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minstrel hussain boy

i too am a huge adams fan. your assesment of his place and role is spot on. i tell folks that adams was the most essential of the founders. washington the most heroic, jefferson the most lyrical, hamilton the most dangerous etc. but adams, with all his self described faults was always there. always working. had the voices of war been allowed to blunder us into conflict with france or spain in those first few years i think adams premonition of us being crushed like a bug would have been seen through. we know of adams' frailties and faults because he told on himself, nearly compulsively so.

yes, by the framework of aristotle, adams was indeed a comedy. he did achieve his ends. although he would have enjoyed a bit more appreciation and understanding of his essential role.

minstrel hussain boy

so far, they've handled the jefferson/adams letter thing by staging it as conversations. they've done the same with abigail.


The only opinion I ever value when it comes to art or entertainment is my own. I think HBO's miniseries is wonderful and the two leads pretty near perfect. Anyone who disagrees with me is, of course, entitled to their mistaken pov.

Tom W.

That Massachusetts Historical Society archive is a treasure trove - reads like John Adams' blog.


Not having HBO means that I've been watching PBS's Jane Austen-a-thon, instead, so I'm seeing everything through that viewpoint. I re-read your description of George Washington that you linked to - do you realize that you also described Mr. Darcy?

He was an aristocrat and that meant something to him; he expected deference to his rank and social station from people he regarded as his inferiors. And, when you got right down to it, he was better than most men around him, even those of his own rank, braver, stronger, more honest, harder-working. It must have been hard for him not to presume upon his reputation and use it as club to bully inferiors, and no doubt his self-regard could make him cold and arrogant when suffering fools or having to listen to advice and instructions from lesser men...

And now I've got a nasty image in my mind of Adams as a serious, ungainly, not-at-all-handsome, highly moral...Mr Collins! Which is totally unfair, considering what a humorless, sniveling toady Collins was, as opposed to the witty and fearless revolutionary Adams.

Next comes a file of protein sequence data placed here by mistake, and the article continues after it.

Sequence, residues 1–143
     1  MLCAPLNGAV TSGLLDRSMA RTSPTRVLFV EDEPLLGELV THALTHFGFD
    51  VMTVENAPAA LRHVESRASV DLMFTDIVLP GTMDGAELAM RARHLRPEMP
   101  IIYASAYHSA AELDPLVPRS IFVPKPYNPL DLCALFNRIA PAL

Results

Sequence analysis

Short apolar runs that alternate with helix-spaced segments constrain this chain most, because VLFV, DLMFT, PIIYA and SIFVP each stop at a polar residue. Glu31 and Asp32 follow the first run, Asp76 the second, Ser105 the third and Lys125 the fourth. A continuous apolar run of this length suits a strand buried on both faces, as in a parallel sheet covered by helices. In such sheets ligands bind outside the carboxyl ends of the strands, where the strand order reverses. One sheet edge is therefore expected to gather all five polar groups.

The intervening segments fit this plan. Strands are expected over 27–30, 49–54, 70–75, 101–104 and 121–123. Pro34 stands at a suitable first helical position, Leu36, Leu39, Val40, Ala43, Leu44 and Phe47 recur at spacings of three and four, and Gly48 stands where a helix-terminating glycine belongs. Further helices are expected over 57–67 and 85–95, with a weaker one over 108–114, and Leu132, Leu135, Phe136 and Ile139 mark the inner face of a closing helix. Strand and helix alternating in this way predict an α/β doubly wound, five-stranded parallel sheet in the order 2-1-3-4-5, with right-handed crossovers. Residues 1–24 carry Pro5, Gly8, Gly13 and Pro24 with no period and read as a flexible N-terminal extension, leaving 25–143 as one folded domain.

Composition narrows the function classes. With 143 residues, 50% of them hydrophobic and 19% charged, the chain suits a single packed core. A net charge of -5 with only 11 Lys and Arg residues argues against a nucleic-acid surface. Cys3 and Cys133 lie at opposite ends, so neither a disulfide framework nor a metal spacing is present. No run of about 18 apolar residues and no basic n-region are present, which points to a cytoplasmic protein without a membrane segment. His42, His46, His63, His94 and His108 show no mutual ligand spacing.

But I can totally see Thomas Jefferson as Wickham.


I like the series, however the weirdest moment was seeing Paul Giamatti as Adams, alone and sick in Amsterdam, sitting in a nightshirt without his wig on, and thinking, "Wow, he sure looks like Homer Simpson."


Morse is actually incredibly well cast as Washington, I think. Watching his performance, I feel like I have a much better sense of Washington than I did before. He also looks just like Washington.

Beyond that, I think you should watch the miniseries before making the criticism - I think there's something to what you're saying, but the miniseries at least gets parts of it right. There's definitely a number of places where Adams comes across as absurd and somewhat ridiculous. I'm not sure the problem is that the writers are trying to make Adams into an epic hero. I think the issue is more that the audience (or, at least, some of the audience) expects that Adams will come off as an epic hero, so that when he doesn't, these people are disappointed.

I do largely agree with your point about the structure being wrong - too much tranquility, not enough excitement. The episode about independence was very good, I thought, because it was all high drama throughout. But the last two episodes, in which Adams mostly sits around in Europe and is dissatisfied, didn't work as well, although they had good bits. I was disappointed, for instance, that the whole of the negociation of the Treaty of Paris was neglected. The fact that Adams basically screwed over the French by demanding separate negociations with the British would have been a nice revenge for his poor treatment in France in the previous episode.

Being a history grad student, and thus prone to nitpicking, I had a few problems with some parts of it - in particular, as a European historian, I thought the portrayal of Louis XVI was terrible. But in general I've basically enjoyed the series.

I also think Dillane is quite a good Jefferson. I'm looking forward to Rufus Sewell as Hamilton - the debates of the first decade of the constitution, more generally, ought to be the high point of the series, so I'm somewhat holding off on full judgment until I get a sense on how those are portrayed.


I'm really looking forward to seeing this when it's out on DVD. I've heard it's very good. Jefferson's always been my favorite, though.


I have been watching and enjoying the HBO series, and not knowing much at all about Adams before I started, I would say that the series does capture your characterization of him as a comedic figure quite well, without crossing over the line into 'lovably funny curmudgeon'. I also get the idea that he was at heart a social person, since in the series he is so often lonely without his family, and when he feels cut off from his friends and not accepted by the societies of the countries he is in. As portrayed, he loves the give and take with his colleagues.

Of ocurse it is not going to show the totality of his life, but I think you might like it more than you expect.

Regina H

This post is right on the money, Lance--I watched all of it, & found myself more than a little disappointed. There were good things, yes, but on balance Kirk Ellis' script changed too much that didn't need to be changed, & Giamatti just didn't capture the wit, sparkle, & joy in living that redeemed Adams' faults and made him lovable.

What a waste!

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